There is a misconception that you somehow have to look like something out of a fashion magazine in order to be able to achieve yoga postures. This couldn’t be further from the truth. Yoga is suitable for every type of body, small, large, rounder or thinner and the benefits can be enjoyed by all. It can be practiced by the very young, right up to old age, by those with a larger body or those who are slim, by those who are pregnant and even by those who may have sustained an injury.

In our culture, it is wrongly assumed that a bigger body is either inflexible or unhealthy or both. In reality, nothing can be presumed from just looking at someone’s size or stature. In reality, a person’s size, weight or BMI is not a reflection of how physically fit someone is or how frequently they exercise or the level to which they practice yoga. Yoga is a wonderful way of using the body positively and becoming happy in our own skin, through releasing the idea that we have to look like an unobtainable perfection that the media falsely peddles to us daily.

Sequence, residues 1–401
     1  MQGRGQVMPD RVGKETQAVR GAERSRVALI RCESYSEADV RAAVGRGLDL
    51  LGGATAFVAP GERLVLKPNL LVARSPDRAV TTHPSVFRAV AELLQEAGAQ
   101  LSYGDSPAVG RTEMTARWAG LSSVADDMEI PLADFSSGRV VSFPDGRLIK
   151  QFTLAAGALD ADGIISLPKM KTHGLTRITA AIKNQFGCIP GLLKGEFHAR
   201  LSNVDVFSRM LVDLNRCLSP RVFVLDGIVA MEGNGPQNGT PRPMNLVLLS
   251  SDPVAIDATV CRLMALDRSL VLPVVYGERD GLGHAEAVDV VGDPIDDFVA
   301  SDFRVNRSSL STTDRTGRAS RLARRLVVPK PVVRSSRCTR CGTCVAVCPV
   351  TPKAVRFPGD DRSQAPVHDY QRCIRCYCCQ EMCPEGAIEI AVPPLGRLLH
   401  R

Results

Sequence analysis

Yoga helps us to realise that our bodies are a gift. Bigger bodies in reality can also do the most incredible things, and as with any type of fitness activity or exercise, creating a regular, safe practice enables our bodies to develop positively. Regular yoga practice helps us in creating a healthy lifestyle and tap into mind, body co-ordination and balance. It enables us to take back our personal power, bringing us in harmony with ourselves. This is a personal journey, rather than a competition. There is no need to compare ourselves to others as we are all different and understanding and embracing this is where the real freedom of yoga lies. Every individual body is unique, so not every posture works for everybody. The most important thing is to focus inward and listen to your own body and know what is right for you.